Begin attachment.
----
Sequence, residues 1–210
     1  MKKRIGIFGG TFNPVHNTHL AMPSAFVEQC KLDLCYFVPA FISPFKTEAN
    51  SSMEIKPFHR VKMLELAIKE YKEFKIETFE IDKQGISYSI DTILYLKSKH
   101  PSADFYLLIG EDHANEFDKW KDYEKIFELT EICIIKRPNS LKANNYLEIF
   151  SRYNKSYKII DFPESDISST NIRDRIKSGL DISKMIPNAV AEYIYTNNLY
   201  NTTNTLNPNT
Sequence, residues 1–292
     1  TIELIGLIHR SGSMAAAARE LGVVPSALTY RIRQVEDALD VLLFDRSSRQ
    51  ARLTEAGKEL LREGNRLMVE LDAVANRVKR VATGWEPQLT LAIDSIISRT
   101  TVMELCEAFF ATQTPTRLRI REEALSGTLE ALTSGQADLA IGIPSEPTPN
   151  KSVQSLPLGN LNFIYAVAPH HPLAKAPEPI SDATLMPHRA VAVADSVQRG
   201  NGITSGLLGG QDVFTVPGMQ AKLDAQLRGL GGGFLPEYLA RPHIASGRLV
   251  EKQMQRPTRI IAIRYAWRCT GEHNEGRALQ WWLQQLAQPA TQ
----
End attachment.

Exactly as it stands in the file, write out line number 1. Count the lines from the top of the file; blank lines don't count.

Sequence, residues 1–210